Over the past four years, several government sectors have seen substantial job cuts. Between June 2008 and June 2012, job losses of more than 5 percent occurred in federal government (-1,600 jobs or -5.3%) and also in local government education (-6,200 jobs or -5.9%). These two sectors saw the largest percent job declines over that four-year period. Most of the rest of local government saw job losses as well, but not as steep as the job declines in local education. The industry category that includes all of local government excluding education and Indian tribal cut employment by 1,700 jobs or -2.0 percent over the four-year period.
During that same four-year period, the only government industry category showing a substantial job gain was state government education. Trends were very positive in this industry as it grew by 3,500 jobs or 11.7 percent. Meanwhile, state government excluding education declined slightly over the period (-200 jobs or -0.4%).
Turning back to analysis of the industries in June, the only other major industry showing a marked decrease in its seasonally adjusted employment was other services. It cut 1,200 when its normal pattern is essentially flat. Job losses stemmed primarily from religious organizations cutting staff leading into summer.
Most of the remaining major industries posted small gains in June and no others posted losses. Six of these industries each added between 100 and 300 jobs on a seasonally adjusted basis; combined, these gains added 1,300.
Hours and Earnings
(Establishment Survey Data)
During the prior four months, the average workweek for Oregon manufacturing production workers was flat, as it ranged within one-tenth of an hour around 40.0 hours per week. The flat trend in recent months puts this average workweek above levels seen during most of the past 12 years. The exception was at the peak of the last economic cycle, when this manufacturing metric averaged about 40.2 hours per week during 2005 through 2007.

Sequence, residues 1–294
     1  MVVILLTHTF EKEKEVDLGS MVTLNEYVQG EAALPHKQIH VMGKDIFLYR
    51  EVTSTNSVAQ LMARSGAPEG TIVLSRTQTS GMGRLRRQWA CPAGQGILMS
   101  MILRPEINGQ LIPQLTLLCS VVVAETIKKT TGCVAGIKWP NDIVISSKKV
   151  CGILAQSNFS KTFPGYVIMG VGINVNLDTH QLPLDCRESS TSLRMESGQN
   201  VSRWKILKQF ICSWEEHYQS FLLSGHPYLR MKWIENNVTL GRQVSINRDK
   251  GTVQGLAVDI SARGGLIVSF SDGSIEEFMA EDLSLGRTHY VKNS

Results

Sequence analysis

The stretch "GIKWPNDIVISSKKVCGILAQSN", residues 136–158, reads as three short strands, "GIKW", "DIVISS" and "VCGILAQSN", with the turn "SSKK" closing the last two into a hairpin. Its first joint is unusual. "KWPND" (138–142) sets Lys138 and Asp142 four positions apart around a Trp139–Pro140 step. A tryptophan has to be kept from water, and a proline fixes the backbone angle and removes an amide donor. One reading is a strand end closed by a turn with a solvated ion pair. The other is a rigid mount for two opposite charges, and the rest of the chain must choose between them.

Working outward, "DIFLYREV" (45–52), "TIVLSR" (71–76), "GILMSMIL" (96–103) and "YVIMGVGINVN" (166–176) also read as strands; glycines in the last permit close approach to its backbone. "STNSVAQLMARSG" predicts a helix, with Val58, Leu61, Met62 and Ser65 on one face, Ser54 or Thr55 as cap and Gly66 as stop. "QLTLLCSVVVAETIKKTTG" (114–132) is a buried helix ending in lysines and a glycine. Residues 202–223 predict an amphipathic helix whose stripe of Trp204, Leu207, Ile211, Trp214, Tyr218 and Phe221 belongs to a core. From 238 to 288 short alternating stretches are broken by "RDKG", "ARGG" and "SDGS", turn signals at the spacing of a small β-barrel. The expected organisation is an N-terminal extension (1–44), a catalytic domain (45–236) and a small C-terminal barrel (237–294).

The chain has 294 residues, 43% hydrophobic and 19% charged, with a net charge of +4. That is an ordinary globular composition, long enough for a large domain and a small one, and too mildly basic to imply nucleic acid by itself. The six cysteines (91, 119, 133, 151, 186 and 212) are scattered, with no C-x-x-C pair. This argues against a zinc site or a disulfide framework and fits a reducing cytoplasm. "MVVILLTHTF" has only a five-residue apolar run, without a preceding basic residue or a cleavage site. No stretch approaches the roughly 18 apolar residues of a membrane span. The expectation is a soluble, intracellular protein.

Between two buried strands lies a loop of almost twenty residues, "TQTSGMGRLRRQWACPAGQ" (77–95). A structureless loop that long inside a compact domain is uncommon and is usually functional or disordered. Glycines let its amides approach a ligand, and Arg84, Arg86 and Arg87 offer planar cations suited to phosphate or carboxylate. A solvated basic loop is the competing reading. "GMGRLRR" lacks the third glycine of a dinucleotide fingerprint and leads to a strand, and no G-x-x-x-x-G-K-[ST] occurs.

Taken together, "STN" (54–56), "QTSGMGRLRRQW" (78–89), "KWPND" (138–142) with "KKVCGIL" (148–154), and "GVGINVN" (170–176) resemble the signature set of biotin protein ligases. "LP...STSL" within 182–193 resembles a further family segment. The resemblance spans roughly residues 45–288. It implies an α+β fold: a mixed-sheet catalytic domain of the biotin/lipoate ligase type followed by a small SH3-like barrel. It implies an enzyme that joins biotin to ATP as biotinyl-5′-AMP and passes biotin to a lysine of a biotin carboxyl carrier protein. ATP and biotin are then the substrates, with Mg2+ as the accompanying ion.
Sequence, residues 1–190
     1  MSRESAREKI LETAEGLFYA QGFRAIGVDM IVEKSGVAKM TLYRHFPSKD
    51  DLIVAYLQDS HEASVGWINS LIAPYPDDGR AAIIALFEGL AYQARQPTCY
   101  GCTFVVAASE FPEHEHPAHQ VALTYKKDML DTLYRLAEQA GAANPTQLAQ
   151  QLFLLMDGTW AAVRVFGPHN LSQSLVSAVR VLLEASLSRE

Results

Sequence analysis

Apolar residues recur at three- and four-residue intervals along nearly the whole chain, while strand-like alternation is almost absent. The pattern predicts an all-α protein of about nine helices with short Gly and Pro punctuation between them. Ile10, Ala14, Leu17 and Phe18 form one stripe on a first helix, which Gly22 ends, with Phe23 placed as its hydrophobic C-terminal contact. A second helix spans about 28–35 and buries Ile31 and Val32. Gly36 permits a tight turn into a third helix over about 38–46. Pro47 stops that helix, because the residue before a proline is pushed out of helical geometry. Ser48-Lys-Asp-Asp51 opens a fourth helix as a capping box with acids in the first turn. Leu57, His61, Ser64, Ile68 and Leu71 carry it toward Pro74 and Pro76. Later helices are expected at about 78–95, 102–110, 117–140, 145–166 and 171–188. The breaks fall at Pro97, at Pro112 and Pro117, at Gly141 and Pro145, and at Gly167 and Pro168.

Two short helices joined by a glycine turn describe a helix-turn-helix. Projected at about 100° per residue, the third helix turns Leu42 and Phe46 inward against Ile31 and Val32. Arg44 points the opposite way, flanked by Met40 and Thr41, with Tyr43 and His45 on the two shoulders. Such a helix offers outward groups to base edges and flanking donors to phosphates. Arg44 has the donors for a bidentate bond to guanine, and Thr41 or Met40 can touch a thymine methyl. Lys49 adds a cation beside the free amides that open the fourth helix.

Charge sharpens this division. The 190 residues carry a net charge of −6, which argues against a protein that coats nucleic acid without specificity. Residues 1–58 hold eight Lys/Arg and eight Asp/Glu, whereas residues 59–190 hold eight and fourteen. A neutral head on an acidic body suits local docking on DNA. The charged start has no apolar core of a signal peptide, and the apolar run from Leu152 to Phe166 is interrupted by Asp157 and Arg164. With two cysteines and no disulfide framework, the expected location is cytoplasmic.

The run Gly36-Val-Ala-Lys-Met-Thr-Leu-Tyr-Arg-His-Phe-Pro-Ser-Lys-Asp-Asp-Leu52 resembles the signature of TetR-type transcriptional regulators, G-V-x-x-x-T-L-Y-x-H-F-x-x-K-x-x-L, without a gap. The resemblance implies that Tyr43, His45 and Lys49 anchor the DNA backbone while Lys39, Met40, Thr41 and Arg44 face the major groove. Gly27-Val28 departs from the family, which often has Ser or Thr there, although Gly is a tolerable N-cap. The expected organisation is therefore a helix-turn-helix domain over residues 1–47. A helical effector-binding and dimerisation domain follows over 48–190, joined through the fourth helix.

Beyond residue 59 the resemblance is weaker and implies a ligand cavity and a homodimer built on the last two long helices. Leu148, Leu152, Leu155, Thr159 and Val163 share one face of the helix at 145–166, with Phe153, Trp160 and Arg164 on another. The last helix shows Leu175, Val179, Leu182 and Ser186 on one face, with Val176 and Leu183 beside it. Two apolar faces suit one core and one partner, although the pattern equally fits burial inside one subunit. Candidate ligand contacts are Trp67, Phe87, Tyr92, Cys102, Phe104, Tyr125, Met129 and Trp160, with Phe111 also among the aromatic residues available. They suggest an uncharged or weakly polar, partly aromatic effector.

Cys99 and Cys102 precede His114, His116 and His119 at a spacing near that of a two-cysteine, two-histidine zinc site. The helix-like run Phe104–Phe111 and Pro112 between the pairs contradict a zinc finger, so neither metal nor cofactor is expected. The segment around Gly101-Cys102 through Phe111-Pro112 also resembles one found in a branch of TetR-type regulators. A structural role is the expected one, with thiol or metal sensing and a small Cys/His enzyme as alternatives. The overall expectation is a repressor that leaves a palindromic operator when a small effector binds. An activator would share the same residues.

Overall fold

Average hourly earnings dropped a little in June, as is normal for the time of year. June is typically the low point of the year for these earnings. The average wage was $22.05 per hour for private-sector payroll employees. Wages were up 2.4 percent from June 2011, when the average was $21.53.
(Household Survey Data)
The national unemployment rate was 8.2 percent in both May and June. Oregon’s June rate was 8.5 percent. The difference between the Oregon and the U.S. unemployment rates was not statistically significant.
The latest figures indicate that Oregon’s seasonally adjusted unemployment rate has generally been on a declining trend for three years, after reaching a high of 11.6 percent in May and June 2009. It has been close to 8.5 percent during March through June.
In June, 172,489 Oregonians were unemployed. This was 20,110 fewer individuals than in June 2011 when 192,599 Oregonians were unemployed.
Next Press Releases
The Oregon Employment Department plans to release the June county and metropolitan area unemployment rates on Monday, July 23rd and the statewide unemployment rate and employment survey data for July on Tuesday, August 14th.